3. Growth is not a silver bullet: While a startup that has raised just a seed round has the “luxury” to experiment and hone its strategy, a startup that has crossed the Series B/C threshold has only one imperative – growth. Unfortunately, this storybook, largely shaped by investors, is now considered as gospel that startups routinely parrot out duly. In reality, growth is an imperative but one that needs to be balanced with other aspects. The most important of these is “unit economics” – it is fine to focus on growth once you have established the bounds of your business model and have a firm handle on how much it will cost to acquire an incremental customer and how much revenue you can derive from her. It is ok to grow unprofitably as long as you know this metric – growing without this implies that you are scaling out far ahead of product-market fit and is therefore pre-mature. Normally, you would expect a company that has raised multiple rounds of capital to have achieved product-market fit and a solid idea on unit economics, however the ease of raising huge amounts of capital prematurely often tempts startups to take the easy way out and fool themselves into believing that one can buy oneself these metrics after they figure out the answers “later”.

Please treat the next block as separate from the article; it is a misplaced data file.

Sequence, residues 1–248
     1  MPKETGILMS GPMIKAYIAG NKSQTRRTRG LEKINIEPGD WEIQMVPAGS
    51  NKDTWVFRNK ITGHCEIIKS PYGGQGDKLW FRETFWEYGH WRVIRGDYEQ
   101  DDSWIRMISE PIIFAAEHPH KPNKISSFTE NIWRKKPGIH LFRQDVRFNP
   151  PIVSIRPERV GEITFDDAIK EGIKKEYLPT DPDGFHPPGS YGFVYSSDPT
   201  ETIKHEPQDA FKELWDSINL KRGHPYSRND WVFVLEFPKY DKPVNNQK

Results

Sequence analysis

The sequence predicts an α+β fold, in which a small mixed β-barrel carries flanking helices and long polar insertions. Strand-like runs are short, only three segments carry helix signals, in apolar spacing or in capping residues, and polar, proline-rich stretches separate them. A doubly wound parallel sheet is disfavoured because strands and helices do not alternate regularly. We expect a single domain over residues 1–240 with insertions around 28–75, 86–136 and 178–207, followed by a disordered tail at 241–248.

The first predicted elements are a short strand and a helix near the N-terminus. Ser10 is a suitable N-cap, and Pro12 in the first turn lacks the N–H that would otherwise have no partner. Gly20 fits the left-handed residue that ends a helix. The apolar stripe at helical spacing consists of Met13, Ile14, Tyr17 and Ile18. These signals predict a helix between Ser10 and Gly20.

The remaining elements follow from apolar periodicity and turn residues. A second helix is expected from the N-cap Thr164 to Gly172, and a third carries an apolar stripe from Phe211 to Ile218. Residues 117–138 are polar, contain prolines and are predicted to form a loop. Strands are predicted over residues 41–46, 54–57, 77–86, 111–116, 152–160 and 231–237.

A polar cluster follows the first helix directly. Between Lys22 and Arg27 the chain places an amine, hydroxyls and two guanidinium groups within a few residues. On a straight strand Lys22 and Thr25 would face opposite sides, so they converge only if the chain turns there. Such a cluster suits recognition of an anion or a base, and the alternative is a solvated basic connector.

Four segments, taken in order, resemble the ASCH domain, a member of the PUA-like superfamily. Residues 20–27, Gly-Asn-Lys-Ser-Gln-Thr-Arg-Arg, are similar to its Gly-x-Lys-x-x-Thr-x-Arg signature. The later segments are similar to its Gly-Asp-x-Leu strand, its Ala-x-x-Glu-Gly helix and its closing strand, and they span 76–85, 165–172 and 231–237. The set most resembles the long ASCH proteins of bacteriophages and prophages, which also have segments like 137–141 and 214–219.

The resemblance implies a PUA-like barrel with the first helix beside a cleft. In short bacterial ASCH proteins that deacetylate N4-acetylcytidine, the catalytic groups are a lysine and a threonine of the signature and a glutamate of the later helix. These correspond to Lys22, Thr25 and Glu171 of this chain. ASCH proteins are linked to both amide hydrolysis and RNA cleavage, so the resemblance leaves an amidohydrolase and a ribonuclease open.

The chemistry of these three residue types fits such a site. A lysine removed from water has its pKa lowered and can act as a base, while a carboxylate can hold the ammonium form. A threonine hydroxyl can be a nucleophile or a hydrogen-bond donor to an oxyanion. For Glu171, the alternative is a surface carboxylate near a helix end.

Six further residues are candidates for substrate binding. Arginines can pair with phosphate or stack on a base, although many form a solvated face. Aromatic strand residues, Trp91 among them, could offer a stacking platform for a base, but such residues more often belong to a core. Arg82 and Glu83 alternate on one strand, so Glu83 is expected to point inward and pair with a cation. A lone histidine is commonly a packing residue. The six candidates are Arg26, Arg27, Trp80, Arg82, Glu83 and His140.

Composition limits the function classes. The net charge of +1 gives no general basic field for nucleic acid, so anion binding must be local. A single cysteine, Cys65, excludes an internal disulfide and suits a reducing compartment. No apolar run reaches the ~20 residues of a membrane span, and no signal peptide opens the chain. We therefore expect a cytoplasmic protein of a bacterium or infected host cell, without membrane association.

4. Investors can become market makers who can change the entire landscape of your industry: As a startup, it is easy to believe that you control your own destiny – your product idea and the effort that you put in to create and sell your product will shape the industry you play in. While this may still be true in some sectors, we are now entering an age where the most important determinant of the state of the industry you play in is the amount of funding that is being pumped into that niche. Every notion that you have on important strategic aspects such as pricing, marketing and channels can be turned upside literally overnight when a huge bundle of dollar bills flood the market. The most sobering thought in this is that if these investors prefer your competitor over you, you are marked out to lose – not simply because your competitor now controls the market but also because other investors are now wary of competing against these hedge funds who seemingly have limitless capital and far more patience than themselves. This is especially true of “large-win” horizontal spaces where the amount of capital that you have access to is an important determinant of your venture’s success.